Dragon Knight 4 (ドラゴンナイト４), originally released for PC in 1994, then ported to Super Famicom in 1996, and Playstation/PC-FX in 1997, developed by Elf
Elf was a pioneering company in the field of eroge (this term, a shortening of “erotic game”, is the normal term used in Japanese rather than “hentai”, which is only used in English). In 1992 they released Dokyusei (classmates), the first dating sim eroge and one of the first dating sims of any kind. Dragon Knight, which they made in 1989, was an attempt at making an RPG eroge — although there were 4 games in the Dragon Knight series, few other companies seem to have copied this style. I’m not all that knowledgeable about the eroge landscape, but I have a feeling that fans preferred games like visual novels and dating sims which seemed to integrate the erotic content more closely to the game, rather than RPGs which just had random sex scenes.
All four Dragon Knight games were released in censored versions for consoles — the first three for the PC Engine, and Dragon Knight 4 for three separate platforms. I covered the first and second games, and CRPG Addict did posts on the third game, released in English as Knights of Xentar. The first two games were first-person dungeon crawlers, the third was a more standard RPG, and the 4 is an SRPG.
The three console versions were all modified versions of the original game. The Super Famicom version redid the story, added additional characters, and used a normal XP/level model instead of the more peculiar levelling system of the original. The PSX version is basically an upgraded port of the SFC version but made much more difficult, and with voicing in the scenes. The PC-FX version is essentially a direct port of the PC version without the sex scenes, although there is less censorship than either of the other two ports. There is also a lot more voicing in the PC-FX version.
After a lot of thought I decided to play the Playstation version.
The opening story is in the demon world, where one of the 4 generals of the demons, Lushifon, is in love with Mano, the daughter of Minax, the demon king. When Mano’s sister reveals the affair to Minax, Minax imprisons Lushifon in the space between worlds. But many thousands of years later he called Lushifon back and tells him that if he can accomplish a certain task, he will let him take Mano as his bride. Lushifon has to go back in time to kill Yamato Takeru (the hero of the first 3 Dragon Knight games).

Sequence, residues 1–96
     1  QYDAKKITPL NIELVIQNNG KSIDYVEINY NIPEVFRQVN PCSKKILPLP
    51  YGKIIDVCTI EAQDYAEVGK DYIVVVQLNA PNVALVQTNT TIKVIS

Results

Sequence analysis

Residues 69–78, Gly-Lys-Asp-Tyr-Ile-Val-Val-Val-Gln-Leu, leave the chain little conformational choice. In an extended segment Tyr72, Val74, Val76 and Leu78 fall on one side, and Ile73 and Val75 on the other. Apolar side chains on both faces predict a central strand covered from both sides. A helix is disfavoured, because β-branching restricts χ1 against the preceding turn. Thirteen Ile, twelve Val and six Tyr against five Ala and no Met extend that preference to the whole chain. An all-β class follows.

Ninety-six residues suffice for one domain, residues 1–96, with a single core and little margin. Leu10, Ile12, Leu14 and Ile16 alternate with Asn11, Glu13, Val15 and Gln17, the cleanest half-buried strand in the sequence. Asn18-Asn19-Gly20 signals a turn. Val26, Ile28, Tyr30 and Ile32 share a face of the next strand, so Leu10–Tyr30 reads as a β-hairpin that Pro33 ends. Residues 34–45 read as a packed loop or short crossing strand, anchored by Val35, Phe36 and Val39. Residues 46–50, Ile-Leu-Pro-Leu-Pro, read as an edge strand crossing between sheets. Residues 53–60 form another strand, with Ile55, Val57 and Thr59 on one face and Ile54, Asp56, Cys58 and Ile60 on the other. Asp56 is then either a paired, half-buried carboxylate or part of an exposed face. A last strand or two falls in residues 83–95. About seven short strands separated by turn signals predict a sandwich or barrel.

Lushifon decides there’s no point killing Takeru if another hero just takes his place, so instead he starts to take over the world, and also use a black mist that turns everyone to stone. As usual for RPG villains, for no clear reason he sends all his minions out to do the work instead of doing it himself.
One of the kings sends Takeru and Bahn (a Dragon Knight descendant and a friend of Takeru’s from the previous games) a letter asking for help. Takeru decides instead to send his 15 year old son Kakeru, and Bahn sends is son Seil. (Yes, this means that in the PC version some of the sex scenes involve a 15 year old boy with adult women.)
Kakeru and Seil head out to meet the king, but along the way they encounter the black mist coming from the left, and the forces of Lushifon coming from the right. All the soldiers of the town lose their will to fight, a mysterious older knight comes in to rally everyone. When Kakeru asks his name he says “etoo…” (“umm…” in Japanese) so his name becomes Eto. He convinces the soldiers to follow the lead of Kakeru and Seil since they’re the children of the famous Takeru and Bahn.
The story doesn’t really develop that much from there — there are a lot of new characters introduced, like Kakeru’s childhood friend Natasha, and various other women. There’s a lot of dialogue in the towns between missions developing their characters, but no real plot developments until near the end.